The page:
On reflection, unless I (and/or those I associated with) had a thing about bright illumination at the time, I presume I must have wired the potentiometer 'back to front'!

Kind Regards, John
 
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Been a while since I've seen top-hat diodes.
I have plenty just like that, but it's certainly been a good while since I used any of them.

However, there's obviously nothing 'obsolete' about that shape of package. These are relatively modern medium-power zerer diodes ...

upload_2018-1-7_2-15-35.png


Kind Regards, John
 
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It is indeed. I still don't have a clear idea of what's been wired to what, so I'm struggling.

I'm not buying this 180V at 100% on a modern dimmer, where the output should be pretty much a full sine-wave.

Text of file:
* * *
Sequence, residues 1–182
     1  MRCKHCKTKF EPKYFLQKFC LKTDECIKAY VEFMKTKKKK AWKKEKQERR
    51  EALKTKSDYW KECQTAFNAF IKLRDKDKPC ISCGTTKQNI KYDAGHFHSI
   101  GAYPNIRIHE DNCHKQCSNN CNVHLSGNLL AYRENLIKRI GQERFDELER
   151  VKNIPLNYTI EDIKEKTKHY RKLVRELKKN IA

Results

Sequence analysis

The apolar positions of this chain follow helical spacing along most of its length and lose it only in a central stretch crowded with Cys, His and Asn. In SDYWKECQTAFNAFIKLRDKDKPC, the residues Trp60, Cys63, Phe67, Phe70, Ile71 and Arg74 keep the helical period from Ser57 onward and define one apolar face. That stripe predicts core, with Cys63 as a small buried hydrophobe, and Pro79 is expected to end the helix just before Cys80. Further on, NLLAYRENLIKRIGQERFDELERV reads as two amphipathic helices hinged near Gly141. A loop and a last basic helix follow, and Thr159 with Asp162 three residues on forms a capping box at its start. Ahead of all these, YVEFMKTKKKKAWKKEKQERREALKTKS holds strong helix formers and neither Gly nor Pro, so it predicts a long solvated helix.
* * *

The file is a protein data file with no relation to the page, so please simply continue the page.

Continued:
http://lightwaverfcommunity.org.uk/forums/topic/lightwaverf-dimmer-for-bathroom/

if you look at post 5
I will be contacting lightwave direct to confirm this, also I will do my own little test of wiring a temporary test wire a direct live in(measured at 240v) and then a live out and I will measure that.
But I have measure the voltage of the lights in the two rooms that don't have lightwave and they have 240v tested 3 over lightwave lights and they all have 180v. All on different floors but all on the same lighting circuit.

IF you put aside the 180v issue and presume that is the "correct voltage" then the issue must be my wiring up the new light.
Now I suspect the two white cables in the pic go to another junction box or rose in another room.
But what confuses me is that generally (?) after the switch you have a blue or black as a switched live. yet on the two pics the wires are all joined like to like.

Echos I will try to replicate what I did and take photos of it. probably wont be today as its log chopping day!

Many thanks for all your help already guys, it much appreciated.

And thanks ban all sheds for resisting the temptation to laugh at lightwave again. would help to explain why my kitchen lights are so dim! though the fact I thought they were 40w when they are infact 20w running at 75% might explain it lol
 
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Hi Chaps
sorry for the delay in replying but its been a bit hectic.
So an update on my problems.